Nvidia's Ultra-Fast Parker Chips Will Power Self-Driving Cars


Nvidia isn’t pulling any punches with its new super-fast processing chips — which is good, because the little devices will soon be powering self-driving cars.

The company unveiled its Parker system-on-a-chip (SoC) Monday at California’s Hot Chips conference, and boy, is it a beast. The Parker SoC has up to 1.5 teraflops of computing power, and all of that muscle will go towards helping a car drive itself using powerful learning algorithms.

Parker boasts up to 100 percent better multi-core performance than competitors, thanks to its four ARM Cortex CPUs paired with two Denver 2.0 CPU cores. On top of that, there’s a 256-bit Pascal GPU able to power both dashboard information and in-car entertainment systems. The GPU also enables Parker to undertake deep learning wizardry inside the car for self-driving calculations.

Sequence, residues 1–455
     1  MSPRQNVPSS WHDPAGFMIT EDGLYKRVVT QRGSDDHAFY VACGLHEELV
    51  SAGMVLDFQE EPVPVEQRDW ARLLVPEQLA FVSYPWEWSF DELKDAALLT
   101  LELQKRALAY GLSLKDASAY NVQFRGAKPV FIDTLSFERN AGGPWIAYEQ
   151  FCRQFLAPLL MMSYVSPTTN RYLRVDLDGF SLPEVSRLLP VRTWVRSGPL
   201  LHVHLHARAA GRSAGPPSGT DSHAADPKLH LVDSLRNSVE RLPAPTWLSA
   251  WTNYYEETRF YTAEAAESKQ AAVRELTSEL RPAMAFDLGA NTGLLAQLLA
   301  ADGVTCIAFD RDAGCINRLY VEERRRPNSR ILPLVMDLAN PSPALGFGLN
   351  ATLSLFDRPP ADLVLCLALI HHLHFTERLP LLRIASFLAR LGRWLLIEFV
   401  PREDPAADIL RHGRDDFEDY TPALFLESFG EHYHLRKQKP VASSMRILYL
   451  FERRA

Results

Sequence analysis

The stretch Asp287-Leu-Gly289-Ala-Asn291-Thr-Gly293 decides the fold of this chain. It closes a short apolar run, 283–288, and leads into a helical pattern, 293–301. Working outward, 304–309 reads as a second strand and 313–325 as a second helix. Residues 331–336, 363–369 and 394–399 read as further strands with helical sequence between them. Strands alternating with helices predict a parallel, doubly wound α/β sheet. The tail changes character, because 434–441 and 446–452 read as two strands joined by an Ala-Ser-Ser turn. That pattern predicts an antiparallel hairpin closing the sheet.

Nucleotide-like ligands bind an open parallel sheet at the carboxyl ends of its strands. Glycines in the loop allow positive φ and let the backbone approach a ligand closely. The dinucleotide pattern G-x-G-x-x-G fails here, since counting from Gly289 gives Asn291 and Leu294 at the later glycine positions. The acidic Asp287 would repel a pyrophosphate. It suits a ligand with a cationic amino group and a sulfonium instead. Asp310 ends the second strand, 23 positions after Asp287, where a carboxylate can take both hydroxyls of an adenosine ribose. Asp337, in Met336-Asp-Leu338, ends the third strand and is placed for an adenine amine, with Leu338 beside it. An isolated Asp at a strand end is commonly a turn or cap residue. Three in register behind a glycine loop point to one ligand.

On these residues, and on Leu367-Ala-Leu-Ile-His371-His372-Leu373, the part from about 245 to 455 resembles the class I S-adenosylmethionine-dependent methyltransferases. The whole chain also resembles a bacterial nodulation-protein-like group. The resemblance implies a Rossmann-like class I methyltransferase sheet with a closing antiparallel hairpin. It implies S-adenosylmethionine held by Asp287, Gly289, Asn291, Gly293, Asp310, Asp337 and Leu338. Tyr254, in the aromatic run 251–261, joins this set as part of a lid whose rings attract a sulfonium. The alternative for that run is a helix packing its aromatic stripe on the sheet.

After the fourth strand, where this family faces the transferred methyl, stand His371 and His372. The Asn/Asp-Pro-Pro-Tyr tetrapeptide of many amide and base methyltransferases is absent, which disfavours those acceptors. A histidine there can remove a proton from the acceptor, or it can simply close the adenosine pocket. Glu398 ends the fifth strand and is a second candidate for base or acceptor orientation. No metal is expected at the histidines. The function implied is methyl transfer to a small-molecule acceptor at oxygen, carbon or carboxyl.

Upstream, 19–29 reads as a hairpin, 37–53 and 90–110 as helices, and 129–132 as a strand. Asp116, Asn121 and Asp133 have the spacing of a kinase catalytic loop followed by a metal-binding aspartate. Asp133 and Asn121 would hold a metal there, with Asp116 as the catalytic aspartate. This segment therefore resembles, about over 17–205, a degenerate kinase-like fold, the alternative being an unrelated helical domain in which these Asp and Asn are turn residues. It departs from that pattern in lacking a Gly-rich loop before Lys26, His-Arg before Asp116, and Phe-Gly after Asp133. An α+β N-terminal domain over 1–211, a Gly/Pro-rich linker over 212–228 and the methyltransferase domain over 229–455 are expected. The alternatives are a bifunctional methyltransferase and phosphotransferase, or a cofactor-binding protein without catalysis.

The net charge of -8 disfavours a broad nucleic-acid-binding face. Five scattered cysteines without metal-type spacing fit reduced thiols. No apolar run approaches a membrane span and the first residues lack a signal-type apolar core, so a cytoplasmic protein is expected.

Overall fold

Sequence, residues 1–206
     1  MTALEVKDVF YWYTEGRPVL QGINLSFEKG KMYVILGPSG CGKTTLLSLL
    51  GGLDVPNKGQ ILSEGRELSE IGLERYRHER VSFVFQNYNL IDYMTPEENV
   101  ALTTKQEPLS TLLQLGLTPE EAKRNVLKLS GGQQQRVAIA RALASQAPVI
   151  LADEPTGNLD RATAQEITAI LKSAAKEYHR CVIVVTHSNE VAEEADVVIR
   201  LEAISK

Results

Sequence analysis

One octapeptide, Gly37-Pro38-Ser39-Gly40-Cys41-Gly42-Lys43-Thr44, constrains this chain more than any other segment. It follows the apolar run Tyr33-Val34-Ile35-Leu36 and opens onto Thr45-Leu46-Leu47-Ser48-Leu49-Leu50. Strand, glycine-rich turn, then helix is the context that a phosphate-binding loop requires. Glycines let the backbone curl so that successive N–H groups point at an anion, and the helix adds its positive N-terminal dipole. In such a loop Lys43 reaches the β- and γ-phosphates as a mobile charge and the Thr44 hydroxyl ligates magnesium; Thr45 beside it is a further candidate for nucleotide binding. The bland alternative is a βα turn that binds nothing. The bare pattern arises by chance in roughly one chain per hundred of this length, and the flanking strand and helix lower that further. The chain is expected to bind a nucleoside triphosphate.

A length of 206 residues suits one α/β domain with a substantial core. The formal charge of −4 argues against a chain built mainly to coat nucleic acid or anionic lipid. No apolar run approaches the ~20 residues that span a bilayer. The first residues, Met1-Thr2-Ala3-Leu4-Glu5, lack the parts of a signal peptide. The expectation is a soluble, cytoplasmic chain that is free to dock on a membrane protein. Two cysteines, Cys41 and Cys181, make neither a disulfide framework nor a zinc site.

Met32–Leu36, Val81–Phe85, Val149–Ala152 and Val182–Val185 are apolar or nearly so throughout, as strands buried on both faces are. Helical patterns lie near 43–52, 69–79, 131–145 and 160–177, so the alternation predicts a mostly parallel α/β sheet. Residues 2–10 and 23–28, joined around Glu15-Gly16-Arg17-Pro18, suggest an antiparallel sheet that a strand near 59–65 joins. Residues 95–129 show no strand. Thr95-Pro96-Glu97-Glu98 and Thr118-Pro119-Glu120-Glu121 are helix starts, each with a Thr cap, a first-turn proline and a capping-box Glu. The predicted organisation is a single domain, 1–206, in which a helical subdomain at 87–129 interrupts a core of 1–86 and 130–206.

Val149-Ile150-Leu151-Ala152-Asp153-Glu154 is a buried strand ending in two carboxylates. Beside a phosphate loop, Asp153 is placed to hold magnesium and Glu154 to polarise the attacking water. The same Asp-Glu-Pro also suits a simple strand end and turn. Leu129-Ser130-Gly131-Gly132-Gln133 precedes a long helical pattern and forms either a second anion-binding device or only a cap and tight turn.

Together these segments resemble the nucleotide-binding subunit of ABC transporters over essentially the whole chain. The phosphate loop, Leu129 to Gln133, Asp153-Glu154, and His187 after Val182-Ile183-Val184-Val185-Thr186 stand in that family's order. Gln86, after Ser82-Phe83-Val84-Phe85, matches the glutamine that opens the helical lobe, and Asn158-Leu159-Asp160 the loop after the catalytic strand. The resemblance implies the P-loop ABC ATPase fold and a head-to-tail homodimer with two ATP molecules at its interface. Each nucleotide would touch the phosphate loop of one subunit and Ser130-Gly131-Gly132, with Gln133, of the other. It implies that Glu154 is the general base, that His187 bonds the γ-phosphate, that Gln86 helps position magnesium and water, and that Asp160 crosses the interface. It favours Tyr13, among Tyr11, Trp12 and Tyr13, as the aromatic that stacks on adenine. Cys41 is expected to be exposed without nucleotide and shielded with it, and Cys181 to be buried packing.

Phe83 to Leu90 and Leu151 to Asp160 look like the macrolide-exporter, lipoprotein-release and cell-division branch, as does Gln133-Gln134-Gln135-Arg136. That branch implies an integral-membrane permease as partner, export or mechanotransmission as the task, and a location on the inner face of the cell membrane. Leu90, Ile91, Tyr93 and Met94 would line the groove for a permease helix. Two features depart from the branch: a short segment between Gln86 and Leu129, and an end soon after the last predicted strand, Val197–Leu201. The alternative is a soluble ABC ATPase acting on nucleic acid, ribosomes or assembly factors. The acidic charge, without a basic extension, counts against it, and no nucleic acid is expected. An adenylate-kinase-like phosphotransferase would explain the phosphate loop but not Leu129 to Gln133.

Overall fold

The company had previously revealed the Drive PX 2 platform at the Consumer Electronics Show (CES). That platform uses two Parker processors, and one of the first cars to use the platform will be the Volvo XC90. The car maker will be testing PX 2-powered XC90s in 2017.

Nvidia has been slowly upping its self-driving game in recent months. The graphics card maker has a self-driving project, known as DAVE2, that uses a Drive PX computer to travel the streets of New Jersey back in May. That same month, the company took to the tracks as part of a driverless car racing weekend held by Silicon Valley entrepreneur Joshua Schachter. As driverless cars depend on crunching large amounts of data, it makes sense that a company with experience of doing just that is moving into the nascent sector.